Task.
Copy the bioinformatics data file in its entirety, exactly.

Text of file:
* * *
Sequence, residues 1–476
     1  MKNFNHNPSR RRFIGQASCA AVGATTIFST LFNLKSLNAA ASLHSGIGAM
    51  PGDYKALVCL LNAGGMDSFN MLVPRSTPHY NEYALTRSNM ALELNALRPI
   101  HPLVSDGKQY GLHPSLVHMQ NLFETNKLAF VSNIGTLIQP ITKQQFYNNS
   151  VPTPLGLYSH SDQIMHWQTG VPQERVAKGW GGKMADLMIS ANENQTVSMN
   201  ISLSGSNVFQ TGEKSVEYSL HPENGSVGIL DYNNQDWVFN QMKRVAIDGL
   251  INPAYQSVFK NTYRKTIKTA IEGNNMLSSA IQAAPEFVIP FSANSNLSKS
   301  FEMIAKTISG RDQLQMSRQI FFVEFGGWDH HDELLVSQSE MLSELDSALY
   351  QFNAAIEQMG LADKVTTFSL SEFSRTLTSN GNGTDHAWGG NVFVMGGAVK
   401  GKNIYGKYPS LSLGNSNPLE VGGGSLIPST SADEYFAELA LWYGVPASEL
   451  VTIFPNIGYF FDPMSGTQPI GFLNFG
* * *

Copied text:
Sequence, residues 1–476
     1  MKNFNHNPSR RRFIGQASCA AVGATTIFST LFNLKSLNAA ASLHSGIGAM
    51  PGDYKALVCL LNAGGMDSFN MLVPRSTPHY NEYALTRSNM ALELNALRPI
   101  HPLVSDGKQY GLHPSLVHMQ NLFETNKLAF VSNIGTLIQP ITKQQFYNNS
   151  VPTPLGLYSH SDQIMHWQTG VPQERVAKGW GGKMADLMIS ANENQTVSMN
   201  ISLSGSNVFQ TGEKSVEYSL HPENGSVGIL DYNNQDWVFN QMKRVAIDGL
   251  INPAYQSVFK NTYRKTIKTA IEGNNMLSSA IQAAPEFVIP FSANSNLSKS
   301  FEMIAKTISG RDQLQMSRQI FFVEFGGWDH HDELLVSQSE MLSELDSALY
   351  QFNAAIEQMG LADKVTTFSL SEFSRTLTSN GNGTDHAWGG NVFVMGGAVK
   401  GKNIYGKYPS LSLGNSNPLE VGGGSLIPST SADEYFAELA LWYGVPASEL
   451  VTIFPNIGYF FDPMSGTQPI GFLNFG